Just a week after announcing a possible spin off separate listing of its cinema business, entertainment company mm2 Asia is in talks to merge this business, operating mainly under the Cathay brand, with competitor Golden Village.
As part of the deal, the parties aim to bring in new investors to help beef up the combined entity, which is going to be the largest cinema operator in town.
Mm2 Asia now runs 8 Cathay cinemas in Singapore, and 14 in Malaysia. The potential merger partner, Hong Kong listed Orange Sky Golden Harvest Entertainment (Holdings), runs another 14 cinemas under the Golden Village brand in Singapore. The Hong Kong company, previously known as "Golden Harvest" runs a total of 35 cinemas with 285 screens in Hong Kong, Taiwan and Singapore
The deal will need to jump through several hoops: approvals from both mm2 Asia and OSGH shareholders; approval of SGX and Hong Kong Exchange, as well as relevant government authorities, including the Competition and Consumer Commission of Singapore in relation to anti-trust issues.
Under the initial heads of agreement, the parties are still negotiating the financial terms.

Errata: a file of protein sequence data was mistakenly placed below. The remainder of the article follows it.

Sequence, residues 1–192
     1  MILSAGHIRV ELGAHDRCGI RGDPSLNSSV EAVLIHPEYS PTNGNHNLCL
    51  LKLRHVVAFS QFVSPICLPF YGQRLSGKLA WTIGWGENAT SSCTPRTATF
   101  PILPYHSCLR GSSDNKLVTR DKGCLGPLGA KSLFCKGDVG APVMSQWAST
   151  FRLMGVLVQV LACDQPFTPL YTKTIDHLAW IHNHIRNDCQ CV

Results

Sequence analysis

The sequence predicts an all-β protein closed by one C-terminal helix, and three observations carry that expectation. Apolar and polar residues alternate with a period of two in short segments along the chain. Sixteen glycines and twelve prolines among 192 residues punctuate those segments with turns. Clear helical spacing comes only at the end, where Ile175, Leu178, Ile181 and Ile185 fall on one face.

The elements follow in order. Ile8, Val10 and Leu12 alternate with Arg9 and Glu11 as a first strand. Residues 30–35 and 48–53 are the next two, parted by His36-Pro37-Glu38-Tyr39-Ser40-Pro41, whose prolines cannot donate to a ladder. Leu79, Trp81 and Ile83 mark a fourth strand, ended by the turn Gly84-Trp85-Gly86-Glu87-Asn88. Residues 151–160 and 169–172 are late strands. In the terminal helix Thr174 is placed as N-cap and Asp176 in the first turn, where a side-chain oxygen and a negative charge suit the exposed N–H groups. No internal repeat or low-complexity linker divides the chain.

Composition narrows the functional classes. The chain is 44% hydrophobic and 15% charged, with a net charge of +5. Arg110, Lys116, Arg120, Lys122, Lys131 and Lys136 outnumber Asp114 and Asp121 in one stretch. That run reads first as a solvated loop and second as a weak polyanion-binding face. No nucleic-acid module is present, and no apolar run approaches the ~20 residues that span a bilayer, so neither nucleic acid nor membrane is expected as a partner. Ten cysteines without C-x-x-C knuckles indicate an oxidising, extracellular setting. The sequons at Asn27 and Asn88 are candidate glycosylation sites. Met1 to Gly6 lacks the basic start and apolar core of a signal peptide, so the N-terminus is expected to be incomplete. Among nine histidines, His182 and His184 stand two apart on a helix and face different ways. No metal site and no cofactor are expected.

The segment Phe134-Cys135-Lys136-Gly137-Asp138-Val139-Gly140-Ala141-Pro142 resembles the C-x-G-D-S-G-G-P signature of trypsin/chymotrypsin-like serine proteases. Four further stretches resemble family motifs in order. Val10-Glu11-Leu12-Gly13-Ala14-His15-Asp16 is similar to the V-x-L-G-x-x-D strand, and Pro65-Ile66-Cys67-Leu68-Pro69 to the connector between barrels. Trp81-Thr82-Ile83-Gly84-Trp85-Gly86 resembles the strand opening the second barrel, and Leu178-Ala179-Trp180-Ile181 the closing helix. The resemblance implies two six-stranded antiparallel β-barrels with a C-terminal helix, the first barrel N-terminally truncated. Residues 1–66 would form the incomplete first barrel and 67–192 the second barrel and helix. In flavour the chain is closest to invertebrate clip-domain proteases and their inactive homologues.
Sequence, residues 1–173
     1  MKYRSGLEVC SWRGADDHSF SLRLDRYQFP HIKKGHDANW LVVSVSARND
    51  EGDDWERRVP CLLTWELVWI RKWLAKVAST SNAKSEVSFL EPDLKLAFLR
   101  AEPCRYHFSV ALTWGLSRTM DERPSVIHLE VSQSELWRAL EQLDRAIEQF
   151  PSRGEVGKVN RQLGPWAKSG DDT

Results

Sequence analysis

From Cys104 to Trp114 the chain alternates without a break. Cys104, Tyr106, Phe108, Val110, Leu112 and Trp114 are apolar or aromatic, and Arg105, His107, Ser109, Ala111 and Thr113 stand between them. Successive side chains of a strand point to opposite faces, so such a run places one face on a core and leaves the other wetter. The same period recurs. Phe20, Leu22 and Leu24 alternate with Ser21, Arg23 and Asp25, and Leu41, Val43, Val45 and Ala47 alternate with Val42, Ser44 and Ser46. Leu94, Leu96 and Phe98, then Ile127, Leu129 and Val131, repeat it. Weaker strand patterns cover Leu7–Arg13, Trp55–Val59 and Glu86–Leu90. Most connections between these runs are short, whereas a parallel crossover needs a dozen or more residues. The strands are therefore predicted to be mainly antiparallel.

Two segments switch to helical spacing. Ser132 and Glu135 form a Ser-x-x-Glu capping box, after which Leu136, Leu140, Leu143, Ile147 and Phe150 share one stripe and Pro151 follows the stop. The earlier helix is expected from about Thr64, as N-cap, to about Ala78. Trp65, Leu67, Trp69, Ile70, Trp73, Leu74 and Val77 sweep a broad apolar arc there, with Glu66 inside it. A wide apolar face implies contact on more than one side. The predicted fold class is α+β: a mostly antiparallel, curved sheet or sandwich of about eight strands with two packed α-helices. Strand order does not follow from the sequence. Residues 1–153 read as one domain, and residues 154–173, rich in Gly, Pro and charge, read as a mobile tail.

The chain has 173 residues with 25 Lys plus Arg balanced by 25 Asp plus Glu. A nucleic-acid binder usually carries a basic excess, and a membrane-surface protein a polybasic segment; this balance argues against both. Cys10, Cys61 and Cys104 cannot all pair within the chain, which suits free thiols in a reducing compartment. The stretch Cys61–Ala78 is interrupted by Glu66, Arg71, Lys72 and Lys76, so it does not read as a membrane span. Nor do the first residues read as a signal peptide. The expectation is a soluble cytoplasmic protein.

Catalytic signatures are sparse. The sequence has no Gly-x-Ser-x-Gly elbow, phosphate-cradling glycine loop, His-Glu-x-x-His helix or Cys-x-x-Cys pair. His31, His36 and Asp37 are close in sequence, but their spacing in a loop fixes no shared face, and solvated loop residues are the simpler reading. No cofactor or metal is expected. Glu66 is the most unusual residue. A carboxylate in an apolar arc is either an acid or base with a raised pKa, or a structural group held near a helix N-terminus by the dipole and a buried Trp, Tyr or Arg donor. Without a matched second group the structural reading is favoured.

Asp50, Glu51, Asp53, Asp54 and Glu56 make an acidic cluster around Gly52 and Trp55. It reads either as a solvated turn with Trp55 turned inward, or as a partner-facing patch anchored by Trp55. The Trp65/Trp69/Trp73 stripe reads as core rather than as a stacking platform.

SEE: mm2 Asia mulls separate listing of its cinema business
According to mm2 Asia, the merger terms will be discussed based on the FY2019 operating figures, subjected to mutually agreed adjustments.
For FY2019 ended Dec 2019, OSGH's Singapore cinema business generated a turnover of HK$810.3 million, down slightly from HK$822.1 million in the year earlier. Operating profit in the same period was HK$139.8 million, down from HK$150 million.
Unsurprisingly, Covid-19 has hit the cinema business hard. For the six months ended June 30 this year, Golden Village's Singapore revenue was just HK$137.4 million, due to the circuit breaker measures. It made a loss of HK$16.9 million. For the six months ended June 30 2019, it generated revenue of HK$401 million for its Singapore cinema business, and operating profit of HK$70.6 million.
If the merger is completed, the combined entity will be able to enjoy advantageous economies of scale, and provide more financial and operating stability.
The company also notes that there has been general disruption to the movie and cinema business, with the advent of content streaming apps and the growth of video content on social media. The merger would result in a stronger platform for the operation of the cinema business.
The funds from new investors will also provide the additional working capital for the combined business to cope with operating costs, and strengthen the balance sheet of the combined business.